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<strong>To the bone:</strong>  There were no easy answers this week for Santa Barbara School Board President Ed Heron (left) and District Superintendent Brian Sarvis (right), as they need to find $6 million worth of budget reductions by the end of the month.

Paul Wellman

To the bone: There were no easy answers this week for Santa Barbara School Board President Ed Heron (left) and District Superintendent Brian Sarvis (right), as they need to find $6 million worth of budget reductions by the end of the month.


The Cruelest of Cuts

S.B. School District Readies to Chop Budget for 4th Time in the Past Year


Though it wasn’t really his fault, Eric Smith sure wasn’t going to win any popularity contests with the crowd of mostly faculty, staff, and parents at the Santa Barbara School Board meeting this week. Thanks to the public education-destroying realities of the latest California state budget proposal, the Santa Barbara School Board needs to slash their general fund budget for the fourth time in the past year, after enduring several million in cuts to their roughly $119 million operating budget. District Deputy Superintendent Smith is the man tasked with figuring out where the next $6 million in necessary reductions can come from.

To that end, on Tuesday night, he presented a visibly pained board with a menu of potential reductions that, among other things, equal the unavoidable loss of teaching positions and popular school programs, bigger class sizes, and drastic reduction in school site maintenance. As Boardmember Annette Cordero lamented during the meeting, “All the things that were priorities to cut have already been cut. … Now we are getting to the things that we have all felt needed to be saved.”

The stage for yet another budgetary bloodbath was set early last month when Governor Schwarzenegger, despite promises to the contrary, proposed some $2 billion in additional public education cuts for the fiscal year 2010-11 as part of his overall state budget plan. According to Smith’s calculations, despite having already shaved nearly $12 million off their general fund in the last four years alone, the board needs to find $6 million in reductions this month in order to keep things fiscally sound in the year ahead. And, as Smith said told board members on Tuesday, “That might not even be the end of it.”

With the $6 million mark identified, Smith presented to the board a laundry list of possible cutting options totalling just shy of $6.7 million. Looking initially at simple penny-wise maneuvers — like implementing voiceover Internet protocols for some elementary schools instead of traditional phone lines, to applying for state waivers on the unused site fees incurred by district holdings at their Hidden Valley and Tatum properties, to rebidding trash services at schools in unincorporated areas of the county — Smith and his staff were able to come up with a relatively painless portion of the cuts.

However, the bulk of the proposals come from more controversial means like doing away with summer school for all ages save for only the most credit-needy eighth graders and graduating seniors, cutting five of the district’s 18 school psychologists, slashing the maintenance budget by roughly one-third (a move that would equal numerous layoffs and fairly severe service reductions for things like clogged toilets, broken light fixtures, and beat-up classrooms), the elimination of the Home School Santa Barbara program, cutting two full-time jobs from the current roster of junior high school administrators, doing away with the district’s Safety, Welfare and Attendance administrative position, and cutting funding for crossing guards. (Though the last would, presumably, be picked up by the City of Santa Barbara.)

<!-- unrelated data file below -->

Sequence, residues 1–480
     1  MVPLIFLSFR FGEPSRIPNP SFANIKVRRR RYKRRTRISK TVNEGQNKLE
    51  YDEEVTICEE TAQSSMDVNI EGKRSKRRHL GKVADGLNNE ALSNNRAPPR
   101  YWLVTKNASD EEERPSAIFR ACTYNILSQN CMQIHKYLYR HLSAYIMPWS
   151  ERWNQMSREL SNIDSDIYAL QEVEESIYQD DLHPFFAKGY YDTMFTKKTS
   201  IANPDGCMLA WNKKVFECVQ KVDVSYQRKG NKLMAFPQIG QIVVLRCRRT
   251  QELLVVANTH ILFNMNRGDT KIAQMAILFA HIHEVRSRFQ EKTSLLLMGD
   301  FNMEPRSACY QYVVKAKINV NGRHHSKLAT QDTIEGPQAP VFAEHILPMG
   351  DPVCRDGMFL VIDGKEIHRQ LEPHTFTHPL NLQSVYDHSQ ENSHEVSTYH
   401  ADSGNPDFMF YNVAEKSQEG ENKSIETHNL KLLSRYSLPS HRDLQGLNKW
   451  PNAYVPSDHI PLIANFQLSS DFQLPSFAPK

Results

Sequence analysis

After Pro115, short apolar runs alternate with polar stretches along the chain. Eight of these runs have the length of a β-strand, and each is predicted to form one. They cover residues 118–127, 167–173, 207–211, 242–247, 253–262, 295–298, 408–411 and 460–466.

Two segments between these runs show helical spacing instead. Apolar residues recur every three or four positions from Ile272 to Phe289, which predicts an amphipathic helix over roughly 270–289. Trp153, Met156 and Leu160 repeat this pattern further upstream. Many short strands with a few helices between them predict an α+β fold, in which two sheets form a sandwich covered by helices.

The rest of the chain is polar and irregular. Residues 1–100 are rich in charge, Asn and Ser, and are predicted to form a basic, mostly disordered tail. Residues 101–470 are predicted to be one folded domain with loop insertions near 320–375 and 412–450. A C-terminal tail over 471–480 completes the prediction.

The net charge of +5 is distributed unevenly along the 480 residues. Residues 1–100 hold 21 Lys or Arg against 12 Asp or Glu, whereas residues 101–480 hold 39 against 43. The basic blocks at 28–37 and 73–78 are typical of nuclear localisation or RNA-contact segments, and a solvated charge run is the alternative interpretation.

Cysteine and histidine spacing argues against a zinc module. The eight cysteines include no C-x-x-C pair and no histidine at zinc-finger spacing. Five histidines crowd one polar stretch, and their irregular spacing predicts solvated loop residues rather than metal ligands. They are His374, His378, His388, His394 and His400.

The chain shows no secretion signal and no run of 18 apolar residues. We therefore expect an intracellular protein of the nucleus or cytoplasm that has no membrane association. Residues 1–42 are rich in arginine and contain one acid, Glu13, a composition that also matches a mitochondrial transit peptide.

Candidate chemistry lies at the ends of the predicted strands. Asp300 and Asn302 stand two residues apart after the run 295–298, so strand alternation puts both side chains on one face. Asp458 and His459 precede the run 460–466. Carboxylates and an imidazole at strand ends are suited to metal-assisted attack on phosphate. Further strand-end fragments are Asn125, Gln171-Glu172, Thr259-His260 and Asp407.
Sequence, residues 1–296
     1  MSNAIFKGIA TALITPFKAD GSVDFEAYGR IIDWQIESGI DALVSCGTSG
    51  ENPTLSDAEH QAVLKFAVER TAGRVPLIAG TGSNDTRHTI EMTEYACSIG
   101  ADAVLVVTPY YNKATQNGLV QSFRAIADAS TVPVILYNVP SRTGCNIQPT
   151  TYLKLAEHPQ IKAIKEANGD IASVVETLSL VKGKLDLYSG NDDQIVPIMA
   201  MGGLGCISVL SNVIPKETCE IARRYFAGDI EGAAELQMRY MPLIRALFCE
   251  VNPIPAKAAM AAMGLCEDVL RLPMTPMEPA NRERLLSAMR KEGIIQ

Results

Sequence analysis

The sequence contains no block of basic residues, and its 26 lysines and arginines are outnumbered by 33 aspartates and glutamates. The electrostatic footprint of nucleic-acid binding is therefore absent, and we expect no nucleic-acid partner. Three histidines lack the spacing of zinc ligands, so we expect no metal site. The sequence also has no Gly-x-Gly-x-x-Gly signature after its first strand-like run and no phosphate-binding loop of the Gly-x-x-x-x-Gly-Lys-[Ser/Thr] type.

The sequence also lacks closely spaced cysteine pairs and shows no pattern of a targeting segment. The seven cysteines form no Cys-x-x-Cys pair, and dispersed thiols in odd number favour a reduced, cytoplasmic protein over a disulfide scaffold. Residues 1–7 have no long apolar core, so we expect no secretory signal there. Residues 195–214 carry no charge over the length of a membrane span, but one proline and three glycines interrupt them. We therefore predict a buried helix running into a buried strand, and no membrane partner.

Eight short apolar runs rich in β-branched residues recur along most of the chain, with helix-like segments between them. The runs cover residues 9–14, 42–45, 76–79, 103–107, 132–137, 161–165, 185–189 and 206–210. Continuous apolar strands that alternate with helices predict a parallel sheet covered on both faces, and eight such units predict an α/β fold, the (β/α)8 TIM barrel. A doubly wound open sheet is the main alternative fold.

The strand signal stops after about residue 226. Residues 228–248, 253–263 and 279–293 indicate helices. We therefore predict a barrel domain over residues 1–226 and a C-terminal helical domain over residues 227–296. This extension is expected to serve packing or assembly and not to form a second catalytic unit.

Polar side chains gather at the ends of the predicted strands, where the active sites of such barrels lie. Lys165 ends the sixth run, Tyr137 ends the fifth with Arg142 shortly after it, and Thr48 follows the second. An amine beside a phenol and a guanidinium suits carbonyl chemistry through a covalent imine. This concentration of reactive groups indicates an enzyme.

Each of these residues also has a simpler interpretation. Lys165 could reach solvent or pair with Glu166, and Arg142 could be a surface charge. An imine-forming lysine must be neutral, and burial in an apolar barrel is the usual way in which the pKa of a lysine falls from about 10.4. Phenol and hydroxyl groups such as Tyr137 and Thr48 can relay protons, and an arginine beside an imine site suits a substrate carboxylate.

Also on the list, and easily the biggest source of potential savings as well as the worst news for teachers and students alike, is a plan to enforce the class-size maximums for all the junior high and high schools in the district. By requiring a 33:1 teacher ratio for all classes (it would potentially be 35:1 for Santa Barbara and San Marcos High), the district could save roughly $3.3 million and would eliminate 45 full-time teaching positions in the process.

“This is my fourth year in a row going through this process, and it is incredibly depressing. … It is really hard to be up here in this situation once again,” opined Kate Parker.

For their part, the four boardmembers present Tuesday night (Trustee Bob Noël was home sick) were well aware of the gut-wrench that awaits them as they contemplate the potential — though necessary — cuts. “This is my fourth year in a row going through this process, and it is incredibly depressing. … It is really hard to be up here in this situation once again,” opined Kate Parker. The idea of maxing out class sizes in the secondary district, cutting cash for school site upkeep, and charging Associated Student Bodies from the various junior high and high schools an indirect cost rate for “doing business” on school grounds seemed particularly tough to swallow for all the boardmembers.

However, with very little wiggle room between the total amount of cuts presented on Smith’s menu and the actual number the board has to reach, it is all but certain that a few of these items, at least in some form, will have to become a reality.

The rubber will meet the road in the budget talks at the next board meeting, on February 23, when a final vote is expected.



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